We have examined some simple VHDL entities and design entry procedures. Now let's take a closer look at some of the rules and options available to us when we create a design in VHDL.
Here are some examples of valid and invalid names:
Valid names: decode8 just_in_time array_4 Invalid names: 8decide (begins with a digit) my design (space inside a name) signal (reserved word) your_words? (special character ? not allowed) _what_4 (begins with underscore) in__time (two consecutive underscores)Here is a list of some reserved words for your reference:
abs access after alias all and array assert attribute architecture begin block body buffer bus case constant component configuration downto disconnect else elsif end entity exit file for function group generic generate guarded if impure in inertial inout is label loop literal linkage library mod map nand new next nor not null of on open or others out port pure process package postponed procedure range record rem ror rol return reject report register select sla sll sra srl signal subtype severity shared then to type transport use until units unaffected variable wait when while with xnor xor
Example: y <= a and (not b);
Two consecutive hyphens are used to lead out the inline documentation/comment. A comment is explanatory text that is ignored by VHDL compiler.
Example: -- This is a comment in VHDL.
BUFFER is a special case of OUT, which allows the port value to be "updated" or "modified" by the CPLD logic and to be fed back into the CPLD logic to be used by another function.
The BIT type is native to VHDL and defined in the standard library of VHDL. BIT can have only two values:'0' and '1'. The values are placed in single quotes because VHDL treats them like ASCII characters.If we want to assign a multiple-bit number to a series of related input and output ports, we can use the type BIT_VECTOR.
For Example, define a 4-bit vector d: d: IN BIT_VECTOR (3 downto 0);Each of the elements of this vector can be individually addressed by indicating its position by a number in parentheses.
For the definition with range indication (3 downto 0), elements are: d(3), d(2), d(1), d(0); d(3) holds the most significant bit. For the definition with range indication (0 to 3), elements are: d(0), d(1), d(2), d(3); d(0) holds the most significant bit. VHDL always makes vector assignments from left to right. The contents of those vectors can be chosen by selecting how the elements are numbered.Constant values assigned to BIT_VECTORs are written in double quotes, because the VHDL compiler treats them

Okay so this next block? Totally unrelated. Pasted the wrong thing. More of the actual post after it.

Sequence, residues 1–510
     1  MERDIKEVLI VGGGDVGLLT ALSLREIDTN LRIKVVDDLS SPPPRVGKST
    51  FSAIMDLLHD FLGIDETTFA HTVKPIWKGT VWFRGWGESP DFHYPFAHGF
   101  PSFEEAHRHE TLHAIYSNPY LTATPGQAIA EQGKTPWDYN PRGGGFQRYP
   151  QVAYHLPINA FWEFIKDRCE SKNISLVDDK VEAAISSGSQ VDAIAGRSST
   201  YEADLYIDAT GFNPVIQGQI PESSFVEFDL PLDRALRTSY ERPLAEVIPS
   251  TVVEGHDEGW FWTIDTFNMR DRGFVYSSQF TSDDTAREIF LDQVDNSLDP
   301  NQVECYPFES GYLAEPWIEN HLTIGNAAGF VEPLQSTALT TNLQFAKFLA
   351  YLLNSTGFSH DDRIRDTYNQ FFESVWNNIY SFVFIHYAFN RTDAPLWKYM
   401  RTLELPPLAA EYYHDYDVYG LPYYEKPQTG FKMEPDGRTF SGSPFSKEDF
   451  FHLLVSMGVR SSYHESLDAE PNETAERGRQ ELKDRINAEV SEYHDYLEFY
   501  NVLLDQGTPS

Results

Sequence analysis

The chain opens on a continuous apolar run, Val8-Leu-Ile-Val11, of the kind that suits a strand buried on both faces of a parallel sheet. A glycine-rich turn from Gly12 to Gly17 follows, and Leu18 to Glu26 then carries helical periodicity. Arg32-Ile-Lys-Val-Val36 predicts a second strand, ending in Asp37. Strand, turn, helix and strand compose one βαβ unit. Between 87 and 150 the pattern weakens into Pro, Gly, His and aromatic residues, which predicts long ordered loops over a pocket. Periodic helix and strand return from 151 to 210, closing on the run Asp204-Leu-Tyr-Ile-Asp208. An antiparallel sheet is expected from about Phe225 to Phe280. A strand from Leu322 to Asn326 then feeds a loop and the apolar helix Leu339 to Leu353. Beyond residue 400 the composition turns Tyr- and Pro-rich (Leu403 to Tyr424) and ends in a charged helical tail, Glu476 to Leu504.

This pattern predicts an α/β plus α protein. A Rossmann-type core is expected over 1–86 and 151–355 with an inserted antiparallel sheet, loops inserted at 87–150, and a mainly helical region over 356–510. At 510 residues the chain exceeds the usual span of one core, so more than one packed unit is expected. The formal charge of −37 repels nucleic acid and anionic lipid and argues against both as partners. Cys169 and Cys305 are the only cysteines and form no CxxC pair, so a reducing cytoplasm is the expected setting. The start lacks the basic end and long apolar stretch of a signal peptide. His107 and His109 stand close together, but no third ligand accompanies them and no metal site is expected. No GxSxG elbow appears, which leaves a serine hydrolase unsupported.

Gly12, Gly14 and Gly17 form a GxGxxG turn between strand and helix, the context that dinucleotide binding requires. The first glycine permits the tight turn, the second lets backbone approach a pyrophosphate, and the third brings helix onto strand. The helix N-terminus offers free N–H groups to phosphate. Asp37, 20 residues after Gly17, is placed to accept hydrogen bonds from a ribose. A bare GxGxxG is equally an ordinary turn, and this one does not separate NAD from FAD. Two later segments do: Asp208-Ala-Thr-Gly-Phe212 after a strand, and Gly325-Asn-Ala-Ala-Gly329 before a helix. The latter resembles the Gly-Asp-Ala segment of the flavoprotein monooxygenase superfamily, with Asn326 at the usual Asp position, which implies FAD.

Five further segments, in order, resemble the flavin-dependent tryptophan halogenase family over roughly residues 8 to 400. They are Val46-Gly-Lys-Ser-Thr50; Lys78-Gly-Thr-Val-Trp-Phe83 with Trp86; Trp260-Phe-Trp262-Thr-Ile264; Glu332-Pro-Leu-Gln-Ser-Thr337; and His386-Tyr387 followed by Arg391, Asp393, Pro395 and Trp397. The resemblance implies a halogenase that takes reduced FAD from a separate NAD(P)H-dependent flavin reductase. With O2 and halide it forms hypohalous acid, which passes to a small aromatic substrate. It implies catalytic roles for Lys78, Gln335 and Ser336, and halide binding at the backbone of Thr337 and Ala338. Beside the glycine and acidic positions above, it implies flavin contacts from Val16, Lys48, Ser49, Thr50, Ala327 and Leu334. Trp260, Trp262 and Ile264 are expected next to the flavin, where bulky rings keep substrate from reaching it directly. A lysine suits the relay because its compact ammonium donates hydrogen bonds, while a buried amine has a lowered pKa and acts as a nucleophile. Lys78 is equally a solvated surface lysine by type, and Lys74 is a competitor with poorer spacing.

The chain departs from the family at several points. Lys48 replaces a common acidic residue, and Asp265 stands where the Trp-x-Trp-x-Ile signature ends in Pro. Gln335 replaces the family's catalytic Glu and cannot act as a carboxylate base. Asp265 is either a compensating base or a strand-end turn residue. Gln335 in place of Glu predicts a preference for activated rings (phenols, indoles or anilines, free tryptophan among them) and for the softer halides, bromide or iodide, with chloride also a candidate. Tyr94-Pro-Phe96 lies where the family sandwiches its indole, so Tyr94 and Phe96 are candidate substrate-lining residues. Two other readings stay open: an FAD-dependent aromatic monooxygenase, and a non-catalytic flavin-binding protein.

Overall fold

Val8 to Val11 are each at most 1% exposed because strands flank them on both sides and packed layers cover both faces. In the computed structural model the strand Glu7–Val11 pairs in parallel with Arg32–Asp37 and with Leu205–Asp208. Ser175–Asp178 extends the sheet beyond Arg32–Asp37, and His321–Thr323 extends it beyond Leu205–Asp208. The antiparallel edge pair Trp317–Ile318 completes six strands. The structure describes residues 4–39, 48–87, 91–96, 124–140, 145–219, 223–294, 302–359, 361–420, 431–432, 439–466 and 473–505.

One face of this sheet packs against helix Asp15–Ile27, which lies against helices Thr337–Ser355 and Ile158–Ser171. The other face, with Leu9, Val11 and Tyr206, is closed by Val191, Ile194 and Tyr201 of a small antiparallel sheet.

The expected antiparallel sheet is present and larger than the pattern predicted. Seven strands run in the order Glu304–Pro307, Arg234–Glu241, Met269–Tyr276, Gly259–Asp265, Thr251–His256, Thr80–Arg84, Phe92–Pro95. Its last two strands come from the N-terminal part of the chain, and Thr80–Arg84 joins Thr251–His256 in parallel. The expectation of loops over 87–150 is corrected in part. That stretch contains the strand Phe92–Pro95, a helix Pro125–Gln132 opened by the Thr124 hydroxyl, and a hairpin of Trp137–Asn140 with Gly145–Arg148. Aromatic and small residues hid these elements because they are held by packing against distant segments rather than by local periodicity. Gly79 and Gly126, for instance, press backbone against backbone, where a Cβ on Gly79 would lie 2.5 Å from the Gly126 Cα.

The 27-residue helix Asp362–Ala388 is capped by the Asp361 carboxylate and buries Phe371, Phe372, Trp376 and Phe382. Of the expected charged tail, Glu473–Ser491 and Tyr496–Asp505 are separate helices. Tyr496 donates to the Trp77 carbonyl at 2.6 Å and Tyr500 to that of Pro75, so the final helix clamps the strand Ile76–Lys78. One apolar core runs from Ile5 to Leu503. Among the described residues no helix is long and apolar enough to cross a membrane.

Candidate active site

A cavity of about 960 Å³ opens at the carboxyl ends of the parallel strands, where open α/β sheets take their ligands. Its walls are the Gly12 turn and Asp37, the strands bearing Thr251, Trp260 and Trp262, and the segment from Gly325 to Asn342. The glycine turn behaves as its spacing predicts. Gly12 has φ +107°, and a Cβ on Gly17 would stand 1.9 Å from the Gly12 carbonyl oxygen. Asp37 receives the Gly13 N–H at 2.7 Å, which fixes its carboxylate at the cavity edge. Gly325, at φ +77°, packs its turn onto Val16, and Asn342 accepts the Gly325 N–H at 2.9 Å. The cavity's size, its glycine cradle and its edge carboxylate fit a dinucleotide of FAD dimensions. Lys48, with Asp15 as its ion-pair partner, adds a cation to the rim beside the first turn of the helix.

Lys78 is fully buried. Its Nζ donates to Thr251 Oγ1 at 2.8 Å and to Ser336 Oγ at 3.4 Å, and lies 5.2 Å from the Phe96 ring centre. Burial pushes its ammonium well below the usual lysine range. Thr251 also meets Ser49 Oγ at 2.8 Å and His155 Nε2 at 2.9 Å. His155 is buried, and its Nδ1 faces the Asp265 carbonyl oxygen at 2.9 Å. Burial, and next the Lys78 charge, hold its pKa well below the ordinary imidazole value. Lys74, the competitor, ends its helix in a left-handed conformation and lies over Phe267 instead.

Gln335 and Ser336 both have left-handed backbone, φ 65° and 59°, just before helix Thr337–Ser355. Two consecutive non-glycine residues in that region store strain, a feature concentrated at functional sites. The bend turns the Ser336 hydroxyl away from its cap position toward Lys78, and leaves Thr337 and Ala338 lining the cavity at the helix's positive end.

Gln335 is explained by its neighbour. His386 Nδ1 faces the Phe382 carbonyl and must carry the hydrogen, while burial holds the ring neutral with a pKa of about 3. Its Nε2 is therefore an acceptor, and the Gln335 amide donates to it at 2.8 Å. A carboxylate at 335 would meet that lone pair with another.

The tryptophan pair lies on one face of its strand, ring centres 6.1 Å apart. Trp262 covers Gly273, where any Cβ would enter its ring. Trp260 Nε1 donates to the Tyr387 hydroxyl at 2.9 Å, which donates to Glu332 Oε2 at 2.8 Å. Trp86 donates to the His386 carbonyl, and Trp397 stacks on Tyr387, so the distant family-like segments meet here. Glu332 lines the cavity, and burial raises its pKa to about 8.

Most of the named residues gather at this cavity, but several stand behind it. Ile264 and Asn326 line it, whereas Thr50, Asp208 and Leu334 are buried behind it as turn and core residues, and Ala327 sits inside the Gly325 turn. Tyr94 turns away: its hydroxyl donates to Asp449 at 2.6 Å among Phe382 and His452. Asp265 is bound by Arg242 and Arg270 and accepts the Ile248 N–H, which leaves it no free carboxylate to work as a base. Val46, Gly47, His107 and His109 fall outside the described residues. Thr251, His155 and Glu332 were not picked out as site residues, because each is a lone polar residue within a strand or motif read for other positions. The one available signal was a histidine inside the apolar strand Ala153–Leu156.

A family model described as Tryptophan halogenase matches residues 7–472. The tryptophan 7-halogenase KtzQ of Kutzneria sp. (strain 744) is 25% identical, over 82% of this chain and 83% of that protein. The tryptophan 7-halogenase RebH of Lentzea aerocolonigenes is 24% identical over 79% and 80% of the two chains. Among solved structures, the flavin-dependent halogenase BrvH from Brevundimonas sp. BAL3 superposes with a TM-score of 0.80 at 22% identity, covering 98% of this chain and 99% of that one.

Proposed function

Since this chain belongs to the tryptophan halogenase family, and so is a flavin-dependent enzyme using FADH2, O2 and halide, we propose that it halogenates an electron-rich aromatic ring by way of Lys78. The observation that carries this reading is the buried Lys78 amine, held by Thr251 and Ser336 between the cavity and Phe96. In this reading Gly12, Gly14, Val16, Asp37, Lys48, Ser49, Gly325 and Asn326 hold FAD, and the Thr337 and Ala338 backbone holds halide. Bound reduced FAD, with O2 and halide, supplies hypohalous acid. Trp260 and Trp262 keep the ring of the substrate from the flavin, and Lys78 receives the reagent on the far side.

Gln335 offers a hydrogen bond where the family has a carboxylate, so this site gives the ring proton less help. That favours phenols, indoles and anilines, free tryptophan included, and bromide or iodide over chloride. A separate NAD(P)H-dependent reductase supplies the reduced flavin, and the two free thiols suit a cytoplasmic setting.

If a port d is defined by d: IN BIT_VECTOR (3 downto 0); then the following groups of the statements are equivalent. d(3) <= '0'; d <= "0101"; d(2) <= '1'; d(1) <= '0'; d(0) <= '1'; If a port d is defined by d: IN BIT_VECTOR (0 to 3); then the following groups of the statements are equivalent. d(0) <= '1'; d(1) <= '0'; d(2) <= '1'; d(3) <= '0'; d <= "1010";
'U' -- Uninitialized 'X' -- Forcing Unknown '0' -- Forcing 0 '1' -- Forcing 1 'Z' -- High Impedance 'W' -- Weak Unknown 'L' -- Weak 0 'H' -- Weak 1 '-' -- Don't careTo use STD_LOGIC in a VHDL file, you must include the following reference to the VHDL library called IEEE and the std_logic_1164 package before the entity declaration:
library IEEE; use IEEE.std_logic_1164.all;The std_logic_1164 package contains the type definitions of the STD_LOGIC types.
library IEEE; use IEEE.std_logic_1164.all; entity Four_and_array is port( a0 : in std_logic; a1 : in std_logic; a2 : in std_logic; a3 : in std_logic; b0 : in std_logic; b1 : in std_logic; b2 : in std_logic; b3 : in std_logic; c0 : out std_logic; c1 : out std_logic; c2 : out std_logic; c3 : out std_logic ); end Four_and_array; architecture arch1 of Four_and_array is begin -- Your VHDL code defining the model goes here c0 <= a0 and b0; c1 <= a1 and b1; c2 <= a2 and b2; c3 <= a3 and b3; end arch1;Now rewrite the VHDL file for the 4-bit AND array using STD_LOGIC_VECTOR types.
library IEEE; use IEEE.std_logic_1164.all; entity Four_and_vec is port( a : in std_logic_vector(0 to 3); b : in std_logic_vector(0 to 3); c : out std_logic_vector(0 to 3) ); end Four_and_vec; architecture arch1 of Four_and_vec is begin -- Your VHDL code defining the model goes here c <= a and b; end arch1;
The statements for the Boolean expressions are examples of concurrent signal assignment statements. The idea behind signal concurrency is that all concurrent statements are evaluated at the same time. (Concurrent means "simultaneous".)
In the other programming languages such as BASIC, c, or C++, the statements are executed in sequential order. However, for a hardware description language, signal concurrency does make sense since its purpose is to synthesize hardware rather than run a sequence of program statements.
Let's use half adder as an example,
Two signal bits a and b are added to produce the sum s and carry c. The circuit is defined by the two equations: s = a xor b and c = a and b. Suppose both inputs are 1, then carry is 1 and the sum bit is 0. Further suppose that input b is changed to a 0. Now the carry is 0 and the sum is 1.
Which changed first, sum or carry? Since both outputs depend on the same two inputs, both outputs ideally change at the same time. That is how the hardware behaves. In VHDL, we would write the following two statements:
s <= a xor b; c <= a and b;
Tuesday, 11-Sep-2012 15:20:28 CST